Common Diseases &
Illnesses
•Blood Pressure
•Cancer
•Glycemic Index
Insulin Resistance &   Diabetes
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Scientific Background
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Common Diseases & Illnesses: ( Blood Pressure )


Blood Pressure is the pressure exerted by the blood on the walls of the blood vessels. Unless indicated otherwise, blood pressure is understood to mean arterial blood pressure, i.e. the pressure on the large arteries. The pressure of blood in other vessels is lower than arterial pressure.

The peak pressure in the arteries during the cardiac cycle is the systolic pressure, and the lowest pressure is the diastolic pressure. Typical values of blood pressure of a healthy adult are approximately 120/80 mmHg. Blood pressure is not static.

Normal ranges for blood pressure in adult humans are:

*Systolic between 90 & 135 mmHg
*Diastolic between 50 & 90 mmHg
Normal ranges observed in children are lower, and in the elderly, higher.


High blood pressure, called arterial hypertension, exerts mechanical stress on the arterial walls which leads to unhealthy tissue growth (atheroma). The higher the pressure, the more atheroma tends to progress. Low blood pressure, called hypotension, may be a sign of severe disease and should be paid close attention to. When blood pressure or flow of blood is low, the brain's blood supply is not sufficient causing dizziness, lightheadedness, weakness and even fainting.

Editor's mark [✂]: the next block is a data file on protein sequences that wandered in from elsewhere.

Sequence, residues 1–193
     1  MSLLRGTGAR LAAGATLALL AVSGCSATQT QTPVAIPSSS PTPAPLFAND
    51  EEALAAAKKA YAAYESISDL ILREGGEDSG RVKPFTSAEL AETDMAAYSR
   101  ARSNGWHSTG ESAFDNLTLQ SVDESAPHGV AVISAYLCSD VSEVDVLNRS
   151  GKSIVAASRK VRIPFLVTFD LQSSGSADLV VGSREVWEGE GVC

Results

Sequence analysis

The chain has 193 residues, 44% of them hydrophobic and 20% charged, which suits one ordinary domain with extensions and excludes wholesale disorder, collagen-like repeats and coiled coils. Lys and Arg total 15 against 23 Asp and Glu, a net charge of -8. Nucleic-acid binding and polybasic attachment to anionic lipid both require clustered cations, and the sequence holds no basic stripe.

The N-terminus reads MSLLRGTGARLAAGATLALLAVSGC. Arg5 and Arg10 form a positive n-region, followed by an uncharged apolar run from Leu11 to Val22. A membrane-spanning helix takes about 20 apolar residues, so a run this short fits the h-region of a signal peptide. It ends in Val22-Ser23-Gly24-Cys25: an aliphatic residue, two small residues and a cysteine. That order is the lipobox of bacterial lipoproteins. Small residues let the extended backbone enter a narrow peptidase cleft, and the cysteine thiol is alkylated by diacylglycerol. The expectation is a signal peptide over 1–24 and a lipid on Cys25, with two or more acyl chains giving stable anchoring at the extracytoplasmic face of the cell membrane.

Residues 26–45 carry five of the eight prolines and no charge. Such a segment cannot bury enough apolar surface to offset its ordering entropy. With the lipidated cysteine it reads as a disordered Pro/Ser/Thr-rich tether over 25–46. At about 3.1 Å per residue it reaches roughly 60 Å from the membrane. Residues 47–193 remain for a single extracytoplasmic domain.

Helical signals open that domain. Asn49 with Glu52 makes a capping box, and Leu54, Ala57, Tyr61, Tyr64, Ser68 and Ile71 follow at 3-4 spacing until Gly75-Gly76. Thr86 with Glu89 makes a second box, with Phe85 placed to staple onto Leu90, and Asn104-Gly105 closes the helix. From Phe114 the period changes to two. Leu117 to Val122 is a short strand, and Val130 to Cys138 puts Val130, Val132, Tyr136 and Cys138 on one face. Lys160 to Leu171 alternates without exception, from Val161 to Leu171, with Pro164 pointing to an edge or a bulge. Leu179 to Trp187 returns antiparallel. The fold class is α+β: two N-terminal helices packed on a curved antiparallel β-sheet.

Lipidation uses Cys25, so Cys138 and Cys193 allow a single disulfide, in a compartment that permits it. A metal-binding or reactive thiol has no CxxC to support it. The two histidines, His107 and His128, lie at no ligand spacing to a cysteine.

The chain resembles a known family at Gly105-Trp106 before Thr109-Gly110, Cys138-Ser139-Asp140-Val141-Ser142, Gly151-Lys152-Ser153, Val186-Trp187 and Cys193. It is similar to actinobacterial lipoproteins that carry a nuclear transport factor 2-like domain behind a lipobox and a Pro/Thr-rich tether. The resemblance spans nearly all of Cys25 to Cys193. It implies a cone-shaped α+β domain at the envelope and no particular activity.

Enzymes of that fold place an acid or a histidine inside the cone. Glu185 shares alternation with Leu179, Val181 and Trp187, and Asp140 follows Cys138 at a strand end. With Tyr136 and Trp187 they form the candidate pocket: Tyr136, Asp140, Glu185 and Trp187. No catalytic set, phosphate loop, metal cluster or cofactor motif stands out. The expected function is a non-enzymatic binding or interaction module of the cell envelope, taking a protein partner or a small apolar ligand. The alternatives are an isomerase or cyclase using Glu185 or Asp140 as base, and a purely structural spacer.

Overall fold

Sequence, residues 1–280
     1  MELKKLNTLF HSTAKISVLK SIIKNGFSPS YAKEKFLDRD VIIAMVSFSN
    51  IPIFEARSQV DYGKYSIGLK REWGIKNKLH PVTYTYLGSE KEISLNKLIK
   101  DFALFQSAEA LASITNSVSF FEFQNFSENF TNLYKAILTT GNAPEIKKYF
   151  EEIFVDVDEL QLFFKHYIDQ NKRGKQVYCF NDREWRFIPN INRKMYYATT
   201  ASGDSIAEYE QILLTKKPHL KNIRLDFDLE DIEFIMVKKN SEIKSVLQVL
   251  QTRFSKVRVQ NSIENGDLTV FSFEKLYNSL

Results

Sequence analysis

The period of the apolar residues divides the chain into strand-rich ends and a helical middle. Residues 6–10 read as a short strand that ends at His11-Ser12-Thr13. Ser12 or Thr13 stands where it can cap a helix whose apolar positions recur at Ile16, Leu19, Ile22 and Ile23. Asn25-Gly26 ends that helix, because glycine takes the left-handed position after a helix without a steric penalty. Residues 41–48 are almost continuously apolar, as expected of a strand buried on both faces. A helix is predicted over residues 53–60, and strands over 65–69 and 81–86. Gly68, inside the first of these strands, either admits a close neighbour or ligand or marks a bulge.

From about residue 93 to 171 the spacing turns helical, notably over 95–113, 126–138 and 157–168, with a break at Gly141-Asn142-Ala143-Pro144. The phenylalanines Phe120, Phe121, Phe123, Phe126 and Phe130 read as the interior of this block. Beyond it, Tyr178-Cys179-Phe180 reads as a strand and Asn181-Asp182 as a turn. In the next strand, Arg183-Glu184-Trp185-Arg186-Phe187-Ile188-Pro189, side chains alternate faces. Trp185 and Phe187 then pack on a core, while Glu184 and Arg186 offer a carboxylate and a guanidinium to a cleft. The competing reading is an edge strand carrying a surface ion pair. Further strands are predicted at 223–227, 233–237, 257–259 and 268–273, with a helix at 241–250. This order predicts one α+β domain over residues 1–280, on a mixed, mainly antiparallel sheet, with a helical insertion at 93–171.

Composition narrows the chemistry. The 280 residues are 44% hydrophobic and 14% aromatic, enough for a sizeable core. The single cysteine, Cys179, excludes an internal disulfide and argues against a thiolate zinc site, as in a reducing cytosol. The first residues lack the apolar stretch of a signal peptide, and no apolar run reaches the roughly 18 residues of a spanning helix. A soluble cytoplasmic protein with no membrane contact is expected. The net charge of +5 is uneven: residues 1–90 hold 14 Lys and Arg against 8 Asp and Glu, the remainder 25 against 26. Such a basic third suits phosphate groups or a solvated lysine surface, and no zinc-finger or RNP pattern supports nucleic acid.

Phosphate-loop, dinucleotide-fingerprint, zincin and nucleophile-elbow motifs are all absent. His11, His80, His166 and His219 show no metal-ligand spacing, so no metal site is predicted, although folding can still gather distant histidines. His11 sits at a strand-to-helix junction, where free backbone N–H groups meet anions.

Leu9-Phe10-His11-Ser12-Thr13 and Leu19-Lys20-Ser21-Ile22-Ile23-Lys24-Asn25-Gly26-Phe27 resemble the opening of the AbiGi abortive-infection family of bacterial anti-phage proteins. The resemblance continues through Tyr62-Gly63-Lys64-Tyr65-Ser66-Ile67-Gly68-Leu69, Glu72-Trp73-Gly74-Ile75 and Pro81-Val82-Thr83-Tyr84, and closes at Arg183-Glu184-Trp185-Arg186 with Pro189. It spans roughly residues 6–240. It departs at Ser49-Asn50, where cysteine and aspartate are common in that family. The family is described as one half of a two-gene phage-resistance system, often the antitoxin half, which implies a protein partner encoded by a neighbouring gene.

There are many physical factors that can influence blood pressure and each of them may in turn be influenced by physiological factors, such as diet, exercise, disease, drugs, etc. Some possible physical factors follow:


*The rate of cardiac output. The harder the heart rate, the higher the blood pressure.
*The amount of blood present in the body. The more blood, the higher the pressure. Some   research indicates that there is a relationship between dietary salt intake and blood volume.
*Size and smoothness of blood vessel walls. This is called resistance. The higher the resistance,   the higher the blood pressure. Lower resistance; lower blood pressure.
*Blood thickness. The thicker the blood, the higher the blood pressure. Certain medical   conditions can change the thickness of the blood.
*Blood pressure can temporarily drop quickly when someone stands up from a sitting position.
*Toxins, including toxins from blood pressure medicines
*Hormonal abnormalities
*Shock
*Ailments such as Sepsis or Hemorrhages